ARTILLERY exchanges in the embattled Bihac enclave yesterday marred the week-long truce across Bosnia, as the UN commander, Lt- Gen Sir Michael Rose, worked to finalise an agreement for a cessation of hostilities due to take effect on New Year's Da y. Thefighting in Bihac pits the government against three allied armies, only one of which is party to the ceasefire that began on Christmas Eve, and threatens the stability of the truce elsewhere.
"There is fighting going on around Bosanska Krupa [held by Bosnian Serb troops] with tanks, artillery and mortars. The tanks for sure would be the Bosnian Serbs," Edward Joseph, a UN official, said from the enclave. "There was shelling to the east of Velika Kladusa [held by rebel Muslims] today. At least 55 impacts were recorded."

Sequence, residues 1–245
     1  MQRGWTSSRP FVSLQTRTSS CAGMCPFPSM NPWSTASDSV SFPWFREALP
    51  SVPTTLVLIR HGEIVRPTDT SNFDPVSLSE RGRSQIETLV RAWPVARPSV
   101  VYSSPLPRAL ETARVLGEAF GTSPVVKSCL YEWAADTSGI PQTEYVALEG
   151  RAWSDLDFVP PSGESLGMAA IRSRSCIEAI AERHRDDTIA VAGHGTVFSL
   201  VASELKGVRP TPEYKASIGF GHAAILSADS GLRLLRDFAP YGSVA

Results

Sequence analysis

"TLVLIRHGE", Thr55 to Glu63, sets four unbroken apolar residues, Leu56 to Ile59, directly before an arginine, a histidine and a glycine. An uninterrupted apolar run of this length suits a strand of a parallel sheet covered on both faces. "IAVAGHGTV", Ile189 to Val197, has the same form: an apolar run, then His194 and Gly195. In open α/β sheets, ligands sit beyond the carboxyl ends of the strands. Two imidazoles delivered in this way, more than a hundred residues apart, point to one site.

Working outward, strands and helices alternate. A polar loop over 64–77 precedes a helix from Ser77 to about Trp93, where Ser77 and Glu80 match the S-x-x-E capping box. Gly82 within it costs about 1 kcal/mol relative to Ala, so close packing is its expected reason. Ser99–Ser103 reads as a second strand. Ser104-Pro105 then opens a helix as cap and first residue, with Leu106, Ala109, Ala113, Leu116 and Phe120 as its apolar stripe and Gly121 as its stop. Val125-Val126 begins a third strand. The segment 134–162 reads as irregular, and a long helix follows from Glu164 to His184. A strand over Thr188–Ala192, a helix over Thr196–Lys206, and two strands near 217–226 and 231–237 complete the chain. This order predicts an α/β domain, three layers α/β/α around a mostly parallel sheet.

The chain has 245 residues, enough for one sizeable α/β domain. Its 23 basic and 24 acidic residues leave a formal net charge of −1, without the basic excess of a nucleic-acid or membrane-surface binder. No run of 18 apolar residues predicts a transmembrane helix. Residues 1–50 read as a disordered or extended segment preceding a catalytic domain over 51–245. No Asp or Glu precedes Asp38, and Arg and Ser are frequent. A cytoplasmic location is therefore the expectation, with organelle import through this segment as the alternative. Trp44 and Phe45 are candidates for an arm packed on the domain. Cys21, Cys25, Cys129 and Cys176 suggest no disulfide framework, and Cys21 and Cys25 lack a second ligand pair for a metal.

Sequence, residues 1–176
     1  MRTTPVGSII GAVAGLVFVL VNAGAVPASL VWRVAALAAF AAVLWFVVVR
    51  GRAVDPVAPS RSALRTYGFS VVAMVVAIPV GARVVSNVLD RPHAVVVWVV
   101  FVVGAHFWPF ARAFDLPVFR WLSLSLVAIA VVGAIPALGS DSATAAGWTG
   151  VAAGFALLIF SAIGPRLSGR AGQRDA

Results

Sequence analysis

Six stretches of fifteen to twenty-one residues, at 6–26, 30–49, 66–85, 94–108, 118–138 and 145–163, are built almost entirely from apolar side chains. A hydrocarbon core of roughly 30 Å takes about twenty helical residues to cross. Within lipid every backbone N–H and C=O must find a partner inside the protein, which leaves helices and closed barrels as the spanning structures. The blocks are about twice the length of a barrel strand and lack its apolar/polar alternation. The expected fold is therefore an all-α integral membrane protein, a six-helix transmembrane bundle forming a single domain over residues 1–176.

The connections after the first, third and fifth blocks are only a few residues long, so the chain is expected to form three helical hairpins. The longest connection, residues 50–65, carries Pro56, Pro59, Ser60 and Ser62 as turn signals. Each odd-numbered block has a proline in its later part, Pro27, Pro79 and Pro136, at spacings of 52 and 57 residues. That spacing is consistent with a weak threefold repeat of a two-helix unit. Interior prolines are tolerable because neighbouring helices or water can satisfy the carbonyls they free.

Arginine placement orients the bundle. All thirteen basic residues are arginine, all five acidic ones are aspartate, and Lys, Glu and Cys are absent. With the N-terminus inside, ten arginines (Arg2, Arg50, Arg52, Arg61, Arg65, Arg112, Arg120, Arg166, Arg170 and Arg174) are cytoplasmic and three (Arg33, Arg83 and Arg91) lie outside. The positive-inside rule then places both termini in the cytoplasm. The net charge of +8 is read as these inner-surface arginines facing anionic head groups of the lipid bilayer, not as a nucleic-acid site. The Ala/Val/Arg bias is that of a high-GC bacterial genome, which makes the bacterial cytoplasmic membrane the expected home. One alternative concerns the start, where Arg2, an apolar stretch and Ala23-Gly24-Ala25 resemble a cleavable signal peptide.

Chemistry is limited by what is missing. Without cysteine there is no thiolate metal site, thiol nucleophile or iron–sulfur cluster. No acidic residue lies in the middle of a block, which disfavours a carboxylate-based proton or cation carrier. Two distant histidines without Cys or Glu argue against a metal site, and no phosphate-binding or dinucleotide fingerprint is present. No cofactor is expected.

Neither the Krajina Serbs, attacking across the Croatian border, nor rebels loyal to the Muslim entrepreneur Fikret Abdic are bound by the ceasefire. Gen Rose visited Bihac on Wednesday, and Mr Abdic promised to respect the truce; the general is due to visit Knin, the Krajina Serb "capital" today in the hope of extracting a similar deal.
The UN commander is keen to flesh out a deal for cessation of hostilities, holding talks with the Bosnian Serb leadership in Pale and the government in Sarajevo. Under a tentative agreement conceived by former US president Jimmy Carter, and delivered by Yasushi Akashi, the UN envoy, the warring factions are to suspend fighting for at least four months, starting on New Year's Day.
The Bosnian Serb leader, Radovan Karadzic, said he was ready to sign a document detailing the cessation of hostilities immediately. …